many would-be home buyers are about to be stripped of a misperception, namely the idea that when the Federal Reserve Board is cutting interest rates mortgage rates will fall as a result.
In a radio interview with Chuck Jaffe, MarketWatch senior columnist, McBride noted that the Fed is combating the economy, but some observers worry that its bigger-than-expected move might be opening the door to inflation, a concern which has pushed mortgage rates up slightly since the Fed's most recent move.
According to BankRate.com, the average 30-year fixed rate mortgage in the country currently carries a rate of 6.4%, which represents a reversal of course. The average mortgage rate had dropped below that level, to roughly 6.25%, in the two weeks leading up to the Fed announcement Sept. 18 that it was cutting the target for the federal funds rate to 4.75% from 5.25%.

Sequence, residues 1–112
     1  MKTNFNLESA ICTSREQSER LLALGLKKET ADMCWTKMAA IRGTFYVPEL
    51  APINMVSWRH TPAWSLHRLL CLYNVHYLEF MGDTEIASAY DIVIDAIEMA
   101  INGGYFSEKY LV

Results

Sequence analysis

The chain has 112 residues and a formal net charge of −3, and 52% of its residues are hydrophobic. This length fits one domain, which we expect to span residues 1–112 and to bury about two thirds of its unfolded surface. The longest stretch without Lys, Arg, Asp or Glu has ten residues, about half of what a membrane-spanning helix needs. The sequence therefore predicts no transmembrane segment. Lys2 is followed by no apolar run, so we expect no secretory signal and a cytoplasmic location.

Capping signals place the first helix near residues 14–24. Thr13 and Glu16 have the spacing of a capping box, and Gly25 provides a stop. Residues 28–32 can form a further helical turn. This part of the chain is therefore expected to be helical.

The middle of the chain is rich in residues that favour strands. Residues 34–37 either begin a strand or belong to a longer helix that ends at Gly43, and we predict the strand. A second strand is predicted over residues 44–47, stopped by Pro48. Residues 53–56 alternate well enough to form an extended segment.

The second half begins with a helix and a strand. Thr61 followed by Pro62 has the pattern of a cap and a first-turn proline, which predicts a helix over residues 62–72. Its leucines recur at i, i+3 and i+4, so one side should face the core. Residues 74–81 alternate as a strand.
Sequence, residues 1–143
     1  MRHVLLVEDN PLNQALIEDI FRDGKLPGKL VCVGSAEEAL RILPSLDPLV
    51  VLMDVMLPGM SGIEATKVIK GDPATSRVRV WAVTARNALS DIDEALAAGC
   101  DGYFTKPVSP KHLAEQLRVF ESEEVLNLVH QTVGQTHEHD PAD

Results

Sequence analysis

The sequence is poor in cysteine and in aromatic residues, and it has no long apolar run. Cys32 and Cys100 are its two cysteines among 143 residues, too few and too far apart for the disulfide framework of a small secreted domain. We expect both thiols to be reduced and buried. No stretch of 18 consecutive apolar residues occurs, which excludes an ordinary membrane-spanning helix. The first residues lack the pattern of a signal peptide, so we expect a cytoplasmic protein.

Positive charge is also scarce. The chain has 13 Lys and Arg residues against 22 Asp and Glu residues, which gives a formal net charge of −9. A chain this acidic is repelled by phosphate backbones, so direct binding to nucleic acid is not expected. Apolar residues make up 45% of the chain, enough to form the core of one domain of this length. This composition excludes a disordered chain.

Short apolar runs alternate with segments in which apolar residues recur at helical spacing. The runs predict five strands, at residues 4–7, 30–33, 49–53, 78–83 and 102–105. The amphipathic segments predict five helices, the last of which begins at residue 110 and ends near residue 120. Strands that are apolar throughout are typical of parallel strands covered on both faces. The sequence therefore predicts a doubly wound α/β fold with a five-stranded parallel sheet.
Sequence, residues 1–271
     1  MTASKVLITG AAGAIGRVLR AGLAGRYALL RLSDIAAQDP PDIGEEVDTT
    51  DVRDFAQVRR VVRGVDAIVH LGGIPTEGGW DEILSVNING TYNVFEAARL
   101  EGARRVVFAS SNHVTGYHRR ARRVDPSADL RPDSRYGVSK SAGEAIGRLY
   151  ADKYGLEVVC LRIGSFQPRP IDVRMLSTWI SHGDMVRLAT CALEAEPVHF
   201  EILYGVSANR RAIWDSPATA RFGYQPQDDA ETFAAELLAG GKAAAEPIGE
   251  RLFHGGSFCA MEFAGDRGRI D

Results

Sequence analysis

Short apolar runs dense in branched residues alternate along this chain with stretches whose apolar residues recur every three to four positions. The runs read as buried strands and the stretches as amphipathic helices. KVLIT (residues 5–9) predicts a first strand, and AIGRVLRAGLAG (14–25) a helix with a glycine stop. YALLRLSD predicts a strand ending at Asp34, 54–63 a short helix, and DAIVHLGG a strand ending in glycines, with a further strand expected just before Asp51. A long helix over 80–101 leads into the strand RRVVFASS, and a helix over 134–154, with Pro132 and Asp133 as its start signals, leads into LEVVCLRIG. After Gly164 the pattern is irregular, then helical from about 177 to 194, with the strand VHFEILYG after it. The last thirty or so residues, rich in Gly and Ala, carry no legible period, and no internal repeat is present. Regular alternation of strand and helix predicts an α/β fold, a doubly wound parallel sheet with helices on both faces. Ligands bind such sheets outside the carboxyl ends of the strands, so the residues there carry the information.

McBride noted that the Fed's rate cut is bad news for long-term savers, as rates on certificates of deposit maturing in two or more years have fallen, while short-term rates have remained steady. This erases any risk premium that a saver gets for tying up money for a longer stretch of time.
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